Work of Dogs
|Print |Text Size: |||
Picture your dog in a high school cafeteria at lunchtime. A food fight breaks out. Muffins fly, meatballs roll. Would your dog watch with stoic composure? Silvia Lange, of Nicasio, Calif., tells the story of a teenage puppy raiser in her local Canine Companions for Independence group who found herself in this situation. “I doubt many other service dogs are socialized to food fights. It was a lucky break.” The puppy in question reportedly handled both the temptation and the bedlam with aplomb. And Lange, an eight-year veteran of puppy raising, knows that a wide range of experiences is key to preparing a puppy for life as a service dog.
The subject of service dogs—whom the ADA defines as “any guide dog, signal dog, or other animal individually trained to provide assistance to an individual with a disability”—triggers predictable reactions in dog lovers. Tribute is paid to the good-naturedness of the dogs. Admiration is expressed for the ingenuity of the trainers. All very true, of course. Service dogs often spring from marvelously mellow-tempered parents and have gone through intensive and complex training, carried out by gifted animal trainers. But if the first step on the journey to a great service dog is careful breeding, and if the last mile is training at the highest level, the considerable distance between the two is socialization.
According to Dr. Ian Dunbar, socialization is “the developmental process whereby puppies and adolescent dogs familiarize themselves with their infinitely varied and ever-changing social and physical environment.” In layman’s terms: Anything you want a dog to calmly accept as an adult, you must introduce him to repeatedly and in a positive manner during the first 18 months of his life.
Consider what that means for puppies in service dog programs: They have to ride in cars, buses and trains; perhaps do some sailing; and ideally, become familiar with an airplane cabin or two. They must visit restaurants and hotels as well as libraries, movie theaters, shops and supermarkets. They need to be utterly comfortable with crowds, escalators, fountains, skateboards, strollers, toddlers, and construction noise. They have to go to school, go to the office, go to the basketball game. And naturally, the home environment must be as mundane to them as their own noses. The vacuum cleaner? So what? The next-door neighbor’s cat? Couldn’t care less. But most service dogs are born on the campuses of the organizations that train and place them. They first open their eyes inside a kennel, not a living room.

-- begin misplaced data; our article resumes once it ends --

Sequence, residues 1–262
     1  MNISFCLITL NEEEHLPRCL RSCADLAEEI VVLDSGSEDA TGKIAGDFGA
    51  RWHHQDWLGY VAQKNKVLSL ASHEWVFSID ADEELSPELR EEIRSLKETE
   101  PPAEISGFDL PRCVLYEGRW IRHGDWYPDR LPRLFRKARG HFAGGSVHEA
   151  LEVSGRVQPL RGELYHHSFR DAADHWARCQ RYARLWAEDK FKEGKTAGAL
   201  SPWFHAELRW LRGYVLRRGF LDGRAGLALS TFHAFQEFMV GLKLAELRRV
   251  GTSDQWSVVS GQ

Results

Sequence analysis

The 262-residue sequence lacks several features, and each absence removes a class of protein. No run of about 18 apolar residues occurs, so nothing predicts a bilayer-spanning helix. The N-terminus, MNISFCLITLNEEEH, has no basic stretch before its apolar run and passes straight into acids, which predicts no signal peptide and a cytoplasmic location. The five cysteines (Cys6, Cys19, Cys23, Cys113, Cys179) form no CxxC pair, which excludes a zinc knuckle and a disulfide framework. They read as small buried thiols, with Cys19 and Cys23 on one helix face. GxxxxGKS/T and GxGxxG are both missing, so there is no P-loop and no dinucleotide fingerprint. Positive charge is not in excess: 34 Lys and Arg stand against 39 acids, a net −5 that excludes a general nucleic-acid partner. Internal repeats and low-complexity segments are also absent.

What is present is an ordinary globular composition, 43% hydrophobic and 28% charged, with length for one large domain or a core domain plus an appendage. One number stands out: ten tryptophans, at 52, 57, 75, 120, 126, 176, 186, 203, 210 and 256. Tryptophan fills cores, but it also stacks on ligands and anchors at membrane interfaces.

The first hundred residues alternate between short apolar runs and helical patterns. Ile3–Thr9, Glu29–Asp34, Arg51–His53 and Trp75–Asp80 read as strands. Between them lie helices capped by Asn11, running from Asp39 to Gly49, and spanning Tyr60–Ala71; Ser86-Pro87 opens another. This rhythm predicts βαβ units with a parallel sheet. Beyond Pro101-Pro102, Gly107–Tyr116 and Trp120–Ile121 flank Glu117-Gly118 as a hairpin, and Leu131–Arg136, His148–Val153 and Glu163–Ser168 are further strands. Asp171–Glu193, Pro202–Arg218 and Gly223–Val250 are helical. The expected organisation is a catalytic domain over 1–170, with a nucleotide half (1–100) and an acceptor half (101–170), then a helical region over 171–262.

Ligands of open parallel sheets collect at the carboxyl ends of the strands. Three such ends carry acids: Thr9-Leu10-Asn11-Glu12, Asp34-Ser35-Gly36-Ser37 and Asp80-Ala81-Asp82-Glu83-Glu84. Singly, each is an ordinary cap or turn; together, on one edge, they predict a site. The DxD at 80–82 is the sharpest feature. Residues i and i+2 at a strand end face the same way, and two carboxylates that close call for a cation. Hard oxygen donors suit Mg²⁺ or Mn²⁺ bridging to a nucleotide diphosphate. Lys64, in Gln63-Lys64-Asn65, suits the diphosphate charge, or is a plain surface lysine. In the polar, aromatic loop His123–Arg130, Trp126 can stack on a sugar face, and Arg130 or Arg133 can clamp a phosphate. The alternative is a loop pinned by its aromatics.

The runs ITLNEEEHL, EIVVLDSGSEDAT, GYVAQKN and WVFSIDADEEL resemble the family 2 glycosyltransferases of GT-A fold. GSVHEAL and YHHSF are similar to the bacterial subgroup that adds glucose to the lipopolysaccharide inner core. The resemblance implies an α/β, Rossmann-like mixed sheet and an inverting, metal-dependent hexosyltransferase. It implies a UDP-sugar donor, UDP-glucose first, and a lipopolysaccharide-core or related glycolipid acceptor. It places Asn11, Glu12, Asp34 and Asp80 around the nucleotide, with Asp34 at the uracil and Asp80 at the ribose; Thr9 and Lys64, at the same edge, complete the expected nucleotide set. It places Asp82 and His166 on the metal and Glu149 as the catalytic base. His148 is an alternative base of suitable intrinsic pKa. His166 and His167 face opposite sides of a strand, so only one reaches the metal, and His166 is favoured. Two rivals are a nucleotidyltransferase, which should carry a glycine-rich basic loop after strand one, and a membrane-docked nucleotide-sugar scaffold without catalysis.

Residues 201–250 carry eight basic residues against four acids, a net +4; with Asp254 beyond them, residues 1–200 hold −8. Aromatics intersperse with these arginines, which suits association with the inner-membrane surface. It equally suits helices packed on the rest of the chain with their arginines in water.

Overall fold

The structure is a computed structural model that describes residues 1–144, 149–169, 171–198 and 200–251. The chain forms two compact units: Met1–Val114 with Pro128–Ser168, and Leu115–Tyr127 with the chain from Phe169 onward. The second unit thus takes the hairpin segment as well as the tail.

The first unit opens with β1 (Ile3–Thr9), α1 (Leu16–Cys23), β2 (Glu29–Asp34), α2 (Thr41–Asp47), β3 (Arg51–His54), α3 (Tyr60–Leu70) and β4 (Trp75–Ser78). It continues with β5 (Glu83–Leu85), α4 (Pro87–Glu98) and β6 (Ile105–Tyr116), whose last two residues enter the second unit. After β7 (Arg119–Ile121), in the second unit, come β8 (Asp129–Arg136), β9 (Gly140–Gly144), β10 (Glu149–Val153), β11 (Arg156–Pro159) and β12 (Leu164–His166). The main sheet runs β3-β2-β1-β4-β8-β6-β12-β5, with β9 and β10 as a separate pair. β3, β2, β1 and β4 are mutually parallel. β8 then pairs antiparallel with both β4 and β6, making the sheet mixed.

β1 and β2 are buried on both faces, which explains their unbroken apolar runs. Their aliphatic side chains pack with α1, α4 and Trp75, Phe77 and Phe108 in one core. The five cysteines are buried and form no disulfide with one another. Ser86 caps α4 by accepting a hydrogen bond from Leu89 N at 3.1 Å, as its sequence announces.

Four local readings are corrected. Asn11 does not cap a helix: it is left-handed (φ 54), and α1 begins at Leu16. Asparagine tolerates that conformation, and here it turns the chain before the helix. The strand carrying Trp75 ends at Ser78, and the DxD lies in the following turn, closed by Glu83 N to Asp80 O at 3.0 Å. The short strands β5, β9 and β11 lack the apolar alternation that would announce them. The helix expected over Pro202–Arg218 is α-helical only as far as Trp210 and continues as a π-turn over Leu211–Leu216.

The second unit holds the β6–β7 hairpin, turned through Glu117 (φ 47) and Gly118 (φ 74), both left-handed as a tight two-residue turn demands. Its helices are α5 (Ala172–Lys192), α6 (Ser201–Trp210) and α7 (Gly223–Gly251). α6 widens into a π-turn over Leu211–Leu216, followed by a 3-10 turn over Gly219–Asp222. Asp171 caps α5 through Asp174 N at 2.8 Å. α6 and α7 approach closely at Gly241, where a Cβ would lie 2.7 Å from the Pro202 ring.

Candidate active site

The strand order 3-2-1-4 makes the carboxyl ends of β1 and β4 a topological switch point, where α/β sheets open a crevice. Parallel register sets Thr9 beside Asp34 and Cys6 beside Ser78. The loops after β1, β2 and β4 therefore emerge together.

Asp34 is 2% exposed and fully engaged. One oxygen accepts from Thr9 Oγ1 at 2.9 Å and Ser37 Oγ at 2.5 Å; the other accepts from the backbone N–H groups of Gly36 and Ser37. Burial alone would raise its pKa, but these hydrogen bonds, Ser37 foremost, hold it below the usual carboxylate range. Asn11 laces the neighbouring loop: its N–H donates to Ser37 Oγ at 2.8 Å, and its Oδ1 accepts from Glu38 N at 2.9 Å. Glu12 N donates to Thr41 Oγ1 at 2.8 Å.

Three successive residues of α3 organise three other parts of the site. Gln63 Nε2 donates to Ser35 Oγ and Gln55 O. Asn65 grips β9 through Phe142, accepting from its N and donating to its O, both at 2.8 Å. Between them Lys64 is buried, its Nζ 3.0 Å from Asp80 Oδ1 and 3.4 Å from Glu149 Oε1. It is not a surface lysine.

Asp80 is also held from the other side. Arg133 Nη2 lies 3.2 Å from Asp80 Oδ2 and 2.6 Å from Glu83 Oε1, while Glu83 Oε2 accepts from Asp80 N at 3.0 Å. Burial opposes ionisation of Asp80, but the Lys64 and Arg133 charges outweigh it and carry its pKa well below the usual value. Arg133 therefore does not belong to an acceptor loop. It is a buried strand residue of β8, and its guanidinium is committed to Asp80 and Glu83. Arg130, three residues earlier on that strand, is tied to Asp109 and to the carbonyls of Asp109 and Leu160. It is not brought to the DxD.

That’s where puppy raisers enter the equation. They are volunteers—school-age children or retirees or anyone in between—who give puppies loving temporary homes. What’s more, they teach their young charges basic manners and arrange for a steady stream of educational experiences. When you see an adolescent dog wearing the telltale service dog jacket, there’s likely to be a puppy raiser at the other end of the leash.
A puppy raiser’s responsibilities differ from one program to another, but some requirements are practically universal. For example, most organizations ask their puppy raisers to feed a particular brand of food, use only an approved style of training, have the puppy sleep indoors and agree to provide daily exercise and socialization. Costs for food, transport to and from training classes, and veterinary checkups rest with the puppy raiser, too. The duration varies, but 12 to 18 months is common, and the work usually begins when the puppy is eight weeks old. In return for all this, the organization provides ongoing support, training and community.
Silvia Lange, who began raising puppies as a retirement project, was unsure at first about taking on such a big commitment. What if she wanted to travel, or even move? “That was before I realized what a great network of people Canine Companions have nationwide,” she said. “I could move anywhere in the U.S. and find fellow puppy raisers to connect with. And we all dog sit for one another.”
Smaller service dog organizations also tend vigorously to their volunteer flock. “We couldn’t do what we do without our volunteers,” says Jorjan Powers, communications director at the Assistance Dog Institute at the Bergin University of Canine Studies, whose program depends on a handful of dedicated puppy raisers. “We want them to feel supported.”
Unsurprisingly, the question most often asked of puppy raisers by the general public is, “How can you give up this gorgeous puppy?” According to Blancett Reynolds of San Francisco, Calif., a puppy group leader who has raised six puppies for Guide Dogs for the Blind, it’s never easy. “How do I deal with it? I don’t. I cry. Actually, I can’t even say goodbye to the dog. Someone at the kennel has to take the leash from my hand because I don’t want the dog to see me lose it.”
But she adds that people often imagine the surrender of the dog to be much worse than it actually is because they don’t know how the program works. “It doesn’t involve someone handing you a puppy and then showing up at your house 15 months later to rip the dog from your arms. It’s a collaborative project with a lot of support.”
When asked for her advice to people thinking about becoming a puppy raiser, Reynolds doesn’t hesitate. “Do it!” she says. “Pick up the phone. Puppy raising isn’t always easy, but it’s fun and very rewarding. The experience is valuable for anyone. It’s all about doing something for someone else and having a great time while doing it.”
Photo courtesy of Canine Companions for Independence®